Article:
British columnist Johann Hari recently took on one of the various neverending U.S. wars - this time, the "War on Drugs" - and posits that Kerry may be "even worse than Bush" in advancing that "war".
Kerry made his name as a Drug War hawk. He dedicated an entire senatorial inquiry in 1989 to denouncing the Reagan administration's softness on international drug suppliers. His principal advisor on the subject today - and the man tipped by some commentators to become his Secretary of State - is Rand Beers, who defected last year from his role as Bush's counter-terrorism advisor. Throughout the 1990s, Beers was the primary architect of the US policy of "taking the fight to the drug-growers" - launching massive chemical attacks on farmers in foreign countries in an attempt to prevent their crops ever reaching America's shores.Personally, I don't think that much is likely to change in the "war on drugs" - this nation's drug policy has been rather stable for quite some time, and I don't expect any significant new initatives regardless of who wins the fall election. Hari essentially concedes that the policy he seems to find most offensive - chemical spraying of crops - was followed by Bush I and Clinton, as well as Bush II.
Hari's core argument is for legalization, but he seems to believe that legalization will transform the underground drug economies of the developing world into highly profitable, taxable, legitimate business income.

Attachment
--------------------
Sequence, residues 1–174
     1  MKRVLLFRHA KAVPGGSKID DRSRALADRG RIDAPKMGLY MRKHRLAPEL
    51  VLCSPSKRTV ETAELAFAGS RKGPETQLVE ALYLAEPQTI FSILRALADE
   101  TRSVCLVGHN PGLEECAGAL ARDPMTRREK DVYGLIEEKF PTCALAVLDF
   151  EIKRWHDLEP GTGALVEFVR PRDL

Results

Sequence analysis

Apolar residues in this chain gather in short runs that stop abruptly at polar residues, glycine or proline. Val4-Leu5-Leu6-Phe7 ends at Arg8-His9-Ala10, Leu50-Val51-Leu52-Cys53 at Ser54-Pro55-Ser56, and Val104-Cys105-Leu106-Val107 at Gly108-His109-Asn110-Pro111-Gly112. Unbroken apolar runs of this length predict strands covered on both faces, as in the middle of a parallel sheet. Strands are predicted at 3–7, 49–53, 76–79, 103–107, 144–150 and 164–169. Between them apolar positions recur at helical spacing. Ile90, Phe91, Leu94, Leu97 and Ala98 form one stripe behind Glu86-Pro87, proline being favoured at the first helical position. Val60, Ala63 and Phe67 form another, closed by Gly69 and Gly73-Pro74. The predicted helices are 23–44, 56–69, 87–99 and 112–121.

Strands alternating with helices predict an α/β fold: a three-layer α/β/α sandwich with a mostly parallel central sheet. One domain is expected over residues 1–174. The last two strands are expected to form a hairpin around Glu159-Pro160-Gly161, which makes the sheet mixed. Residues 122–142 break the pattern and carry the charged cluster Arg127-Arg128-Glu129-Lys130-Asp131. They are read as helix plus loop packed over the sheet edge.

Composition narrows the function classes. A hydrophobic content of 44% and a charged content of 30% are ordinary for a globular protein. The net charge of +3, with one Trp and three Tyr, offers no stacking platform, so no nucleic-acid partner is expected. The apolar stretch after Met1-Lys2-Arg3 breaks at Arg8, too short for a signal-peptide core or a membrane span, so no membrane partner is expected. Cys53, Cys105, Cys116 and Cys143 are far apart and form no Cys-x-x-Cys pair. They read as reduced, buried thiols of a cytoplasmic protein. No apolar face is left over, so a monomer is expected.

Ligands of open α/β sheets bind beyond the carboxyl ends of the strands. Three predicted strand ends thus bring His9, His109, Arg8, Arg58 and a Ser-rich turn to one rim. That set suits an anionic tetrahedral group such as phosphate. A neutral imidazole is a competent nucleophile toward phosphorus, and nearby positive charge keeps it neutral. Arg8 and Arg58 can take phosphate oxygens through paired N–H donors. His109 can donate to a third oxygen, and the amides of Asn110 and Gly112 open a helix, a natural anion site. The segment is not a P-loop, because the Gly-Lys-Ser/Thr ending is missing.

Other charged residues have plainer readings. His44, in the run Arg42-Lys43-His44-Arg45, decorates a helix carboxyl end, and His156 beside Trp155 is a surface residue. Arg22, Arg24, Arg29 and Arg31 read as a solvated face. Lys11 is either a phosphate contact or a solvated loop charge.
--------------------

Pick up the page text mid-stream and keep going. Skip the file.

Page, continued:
Drug prohibition is the largest factor in the collapse of [Colombia and Afghanistan] into gangsterism. It ensures that the biggest chunk of their economies is handed to armed criminals who cannot be taxed, regulated or brought under state control. ... It is only once the drug trade is handed over to legitimate companies - and the gangs slowly bankrupted - that the long process of constructing a modern state can begin.Yet if drugs were legalized in the west, it is unlikely that there would be much call for either the coca crop or the opium poppy. It is far more likely that the newly legalized drugs would be synthesized at a much lower cost than "natural" production. Pharmaceutical companies have been able to mass produce synthetic opiates for about twenty-five years, and synthetic anaesthetics (such as lidocaine) for even longer. Were major industry to take over the production, distribution and sale of what are presently "street drugs", there would likely be a drastic reduction in the market for the drug crops of peasant farmers in Colombia and Afghanistan, and it is unlikely that there would be a flood of new income into the legitimate revenue streams of either state.
While the costs of the "drug war" in nations like Colombia, and the impact of the "drug war" and the criminal cartels it spawns, interferes with the lives of the citizens of those nations, its end would be much more likely to offer them improvement in their peace of mind than in their economic wellbeing.